by Nasci Lobo, Director of Communications and Marketing
High School students Sophie and Cadence recently received the thrilling news about being shortlisted from over 1200 entries from tertiary and secondary school students in Asia Pacific in the New York Times Asia-Pacific Writing Competition 2019, the results of which were released just over one month ago. Themed Our World: 2050, students were asked to submit a 500-word opinion piece responding to the question: In an age where unpredictability is the new constant, what can you, the younger generation, do now to shape the future? Both students were motivated by a strong passion for the power of the written and spoken word in addition to possessing an internal drive for improving the world they will inherit. Their English teacher, Mr. Sullivan, informed them about the competition in December 2019, knowing full well that both young students possess a talent for the use of words.
The insights and connections they both form with people, ideas and experiences through the use of language - speaking, writing and reading - fuels their passion when they speak and write about shaping their future. Sophie feels that environmental issues and the COVID-19 pandemic should drive her generation to “be too loud to ignore”. Cadence, taking the bull by the horns, thinks it is imperative to drive change rather than react to it. With the guidance of Mr Sullivan, and by reading each other’s submissions, they were able to find their voice on this occasion. The library was a fitting environment in which to speak to them. Surrounded by books in several languages, by other students absorbed in the pages of the books they were reading, and by students speaking a rainbow of languages, our whole school commitment to reading reinforces the passion and power of language in addition to motivating students like Sophie and Cadence to find their voice and set meaningful goals, whether for the world or with the aim of creating their own worlds.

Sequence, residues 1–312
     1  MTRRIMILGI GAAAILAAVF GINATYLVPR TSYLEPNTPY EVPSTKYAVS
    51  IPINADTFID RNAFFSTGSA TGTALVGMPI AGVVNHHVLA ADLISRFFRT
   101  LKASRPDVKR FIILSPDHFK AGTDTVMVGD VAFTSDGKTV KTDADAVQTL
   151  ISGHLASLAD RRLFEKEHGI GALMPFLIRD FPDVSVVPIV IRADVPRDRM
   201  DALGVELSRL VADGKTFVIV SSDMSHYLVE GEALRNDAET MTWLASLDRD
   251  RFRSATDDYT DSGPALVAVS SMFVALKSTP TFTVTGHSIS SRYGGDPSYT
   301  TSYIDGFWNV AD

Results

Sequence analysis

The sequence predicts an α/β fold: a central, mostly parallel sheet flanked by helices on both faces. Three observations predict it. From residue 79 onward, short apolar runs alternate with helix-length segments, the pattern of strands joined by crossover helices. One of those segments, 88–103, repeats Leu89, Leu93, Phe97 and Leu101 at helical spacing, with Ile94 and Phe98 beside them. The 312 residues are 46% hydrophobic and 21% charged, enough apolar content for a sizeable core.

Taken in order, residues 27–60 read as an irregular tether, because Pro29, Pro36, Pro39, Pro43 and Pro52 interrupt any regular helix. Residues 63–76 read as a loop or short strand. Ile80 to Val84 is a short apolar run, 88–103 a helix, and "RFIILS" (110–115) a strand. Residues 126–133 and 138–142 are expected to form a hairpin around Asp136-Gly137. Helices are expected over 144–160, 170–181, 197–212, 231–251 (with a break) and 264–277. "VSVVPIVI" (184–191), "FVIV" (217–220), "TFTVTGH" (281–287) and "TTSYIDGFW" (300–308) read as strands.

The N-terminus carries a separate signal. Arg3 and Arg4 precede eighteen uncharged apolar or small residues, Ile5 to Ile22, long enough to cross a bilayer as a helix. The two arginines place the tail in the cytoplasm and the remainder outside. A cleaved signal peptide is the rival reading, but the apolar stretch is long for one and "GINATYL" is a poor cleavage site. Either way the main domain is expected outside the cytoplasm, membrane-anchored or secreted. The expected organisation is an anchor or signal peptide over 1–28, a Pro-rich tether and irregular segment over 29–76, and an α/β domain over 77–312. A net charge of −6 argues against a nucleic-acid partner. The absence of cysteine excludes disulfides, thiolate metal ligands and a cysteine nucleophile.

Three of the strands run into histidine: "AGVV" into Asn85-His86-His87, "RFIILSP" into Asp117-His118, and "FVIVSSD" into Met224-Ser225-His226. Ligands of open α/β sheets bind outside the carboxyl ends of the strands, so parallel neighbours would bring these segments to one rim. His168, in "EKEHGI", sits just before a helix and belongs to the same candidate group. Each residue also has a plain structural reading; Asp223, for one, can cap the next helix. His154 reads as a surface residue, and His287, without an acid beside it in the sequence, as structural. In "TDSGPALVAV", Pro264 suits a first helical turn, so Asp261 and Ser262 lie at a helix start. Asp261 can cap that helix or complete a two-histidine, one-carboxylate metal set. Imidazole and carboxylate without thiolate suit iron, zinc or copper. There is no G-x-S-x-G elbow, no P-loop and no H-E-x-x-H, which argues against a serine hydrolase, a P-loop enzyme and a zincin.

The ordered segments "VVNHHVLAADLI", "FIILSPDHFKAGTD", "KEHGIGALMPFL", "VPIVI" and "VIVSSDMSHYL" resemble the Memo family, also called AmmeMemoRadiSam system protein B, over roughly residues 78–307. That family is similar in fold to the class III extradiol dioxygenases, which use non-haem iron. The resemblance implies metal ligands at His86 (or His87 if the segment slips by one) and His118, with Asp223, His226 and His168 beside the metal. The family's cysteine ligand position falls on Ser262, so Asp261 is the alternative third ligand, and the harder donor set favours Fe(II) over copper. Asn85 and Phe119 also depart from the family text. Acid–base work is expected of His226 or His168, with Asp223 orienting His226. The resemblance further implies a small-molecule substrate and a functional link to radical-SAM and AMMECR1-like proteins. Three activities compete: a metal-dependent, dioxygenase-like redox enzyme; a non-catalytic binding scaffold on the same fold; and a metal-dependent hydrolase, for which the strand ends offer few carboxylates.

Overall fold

Sophie hadn’t entered a writing competition prior to this one. Driven by her love of using her two native languages, English and Spanish, she began learning Korean and French five years ago, and is well on her way to becoming a polyglot fanned by the flames of cultural experiences having lived in four countries. “I have always liked language, speaking and writing, and using it the way I want to”, she explains. That also explains her goal of studying linguists and speech pathology post-YIS. Her role on the YIS Library Council is another step toward that goal.
Cadence has her sights set on communications or journalism. She is currently studying Spanish, to complement her native languages of English and Chinese. “Writing is a powerful form of expression for me. I learn about other people’s stories, and the way they speak tells me what they are like, tells me about their experiences, and I get to know the world they come from.” She has entered writing competitions previously, writes stories in her free time, and has participated in National Writing Month, a platform that helps people find their voice and achieve creative goals.
Read their insightful opinion pieces in the competition’s digital booklet.